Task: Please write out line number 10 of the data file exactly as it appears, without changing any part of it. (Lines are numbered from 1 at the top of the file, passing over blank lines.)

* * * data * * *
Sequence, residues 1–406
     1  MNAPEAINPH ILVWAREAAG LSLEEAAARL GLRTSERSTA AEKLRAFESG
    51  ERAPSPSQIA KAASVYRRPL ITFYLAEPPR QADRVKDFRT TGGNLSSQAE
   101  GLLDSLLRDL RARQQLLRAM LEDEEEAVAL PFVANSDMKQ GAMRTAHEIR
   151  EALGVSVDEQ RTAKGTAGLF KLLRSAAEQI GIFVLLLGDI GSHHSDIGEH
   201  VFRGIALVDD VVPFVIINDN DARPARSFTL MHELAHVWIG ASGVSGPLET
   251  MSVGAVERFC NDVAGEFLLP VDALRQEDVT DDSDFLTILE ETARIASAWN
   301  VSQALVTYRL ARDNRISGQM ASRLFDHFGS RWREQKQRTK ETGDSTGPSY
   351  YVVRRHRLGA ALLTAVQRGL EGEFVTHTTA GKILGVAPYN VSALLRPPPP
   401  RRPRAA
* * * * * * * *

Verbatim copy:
   401  RRPRAA